First Practice Management
- Posted Wednesday November 25, 2020
"Flexible working” is something that many managers dread hearing with thoughts of late starts, early finishes and difficult rotas springing immediately to mind. But should we be so negative towards the idea and how could flexible working actually benefit the practice? Importantly, what do you do if an employee makes a request for flexible working?
Flexible Working has no exact definition, but includes options for employees such as working from home, reducing their hours and changing start times. One example might be a full time employee that would like to work four longer days in a week and have three days off, rather than the usual two. Flexible working is growing in popularity. More and more research is showing that employees work harder and more efficiently if they work in an engaging and supportive environment for an employer that genuinely cares. One way of supporting your employees and showing that you do care is by understanding the need to balance home and working life. One way that you can do this is by offering flexible working at the practice and supporting employees in being able to work around their families and commitments outside of work.
Companies allowing flexible working are increasing with the traditional 9-5 role being on the decline. Statistics from the 2019 UK Working Lives Report show that 68% of employees would like to work more flexibly than they currently can. Covid-19 has forced many employers to think differently about work and now we have the prospect of a vaccine in the not so distant future, we can start to think, all be it tentatively, about what work might look like when the pandemic is over. It is entirely possible that flexible working becomes more popular and even expected by prospective employees.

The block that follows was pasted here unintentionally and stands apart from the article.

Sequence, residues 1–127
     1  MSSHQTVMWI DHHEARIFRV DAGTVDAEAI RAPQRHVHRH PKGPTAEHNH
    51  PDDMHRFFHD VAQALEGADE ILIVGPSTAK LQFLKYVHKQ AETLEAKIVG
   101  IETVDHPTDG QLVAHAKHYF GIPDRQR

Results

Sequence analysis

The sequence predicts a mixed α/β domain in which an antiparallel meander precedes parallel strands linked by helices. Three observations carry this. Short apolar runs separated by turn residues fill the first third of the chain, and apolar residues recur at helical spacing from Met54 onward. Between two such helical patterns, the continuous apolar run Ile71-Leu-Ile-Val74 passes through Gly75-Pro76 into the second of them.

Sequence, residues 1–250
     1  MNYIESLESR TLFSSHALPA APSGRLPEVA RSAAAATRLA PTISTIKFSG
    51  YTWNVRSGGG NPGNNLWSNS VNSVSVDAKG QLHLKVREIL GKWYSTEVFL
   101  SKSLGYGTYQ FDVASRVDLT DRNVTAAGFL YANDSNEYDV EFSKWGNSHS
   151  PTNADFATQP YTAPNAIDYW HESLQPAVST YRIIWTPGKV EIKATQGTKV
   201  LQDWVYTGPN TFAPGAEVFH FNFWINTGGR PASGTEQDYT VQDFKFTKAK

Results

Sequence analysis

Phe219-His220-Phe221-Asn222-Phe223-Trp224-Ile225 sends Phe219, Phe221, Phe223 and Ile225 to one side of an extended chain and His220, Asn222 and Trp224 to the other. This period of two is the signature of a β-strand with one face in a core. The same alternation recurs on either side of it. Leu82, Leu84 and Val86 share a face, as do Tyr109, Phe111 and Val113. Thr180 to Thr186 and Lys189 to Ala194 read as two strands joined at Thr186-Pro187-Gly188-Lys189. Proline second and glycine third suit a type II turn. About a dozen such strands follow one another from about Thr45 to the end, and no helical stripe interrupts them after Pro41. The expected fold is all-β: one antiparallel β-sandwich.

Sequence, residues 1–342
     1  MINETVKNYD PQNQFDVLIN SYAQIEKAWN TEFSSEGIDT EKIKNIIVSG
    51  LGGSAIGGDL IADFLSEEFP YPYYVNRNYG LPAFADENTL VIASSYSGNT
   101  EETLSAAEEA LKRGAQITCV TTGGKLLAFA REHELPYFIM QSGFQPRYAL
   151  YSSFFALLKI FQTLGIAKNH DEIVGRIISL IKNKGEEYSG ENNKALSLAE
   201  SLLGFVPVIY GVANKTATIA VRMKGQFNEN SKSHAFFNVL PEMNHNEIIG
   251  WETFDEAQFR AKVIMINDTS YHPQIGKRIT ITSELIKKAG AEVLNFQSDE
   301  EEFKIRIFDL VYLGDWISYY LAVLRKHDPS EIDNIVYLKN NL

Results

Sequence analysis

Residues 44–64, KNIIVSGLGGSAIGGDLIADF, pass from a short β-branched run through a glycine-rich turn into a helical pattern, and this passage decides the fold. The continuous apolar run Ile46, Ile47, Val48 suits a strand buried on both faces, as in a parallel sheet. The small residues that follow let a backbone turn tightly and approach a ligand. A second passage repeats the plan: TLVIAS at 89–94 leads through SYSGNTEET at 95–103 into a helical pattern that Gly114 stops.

But what does all this mean for practices? Practices need to ensure that they are employers of choice and perhaps start to think about how a more flexible approach could be adopted. Is it possible for GPs to carry out video appointments on a regular basis? Is there reception work that can be done from home or can employees attend work meetings from home?
Furthermore, employees have a statutory right to request Flexible Working. Any employee who was worked at the practice for 26 weeks and has not made a Flexible Working Request in the previous 12 months, can legally ask their employer to consider whether they could work more flexibly. The request might be to vary their hours, start times or work from home, for example. The practice must consider the request, but they do not have to agree to it if it is not feasible for the business. If the practice does agree to the changes, these form a permanent contractual change for the employee. If the practice cannot accommodate the request, they can try to find a happy medium, suggest other options or simply refuse. The employee can then appeal the decision if they wish. Once they have received the result of the appeal, they cannot make another flexible working request for 12 months.
FPM Members can access the FPM library that contains useful documents around Flexible Working such as a Flexibly Working Policy and Flexible Working Application Form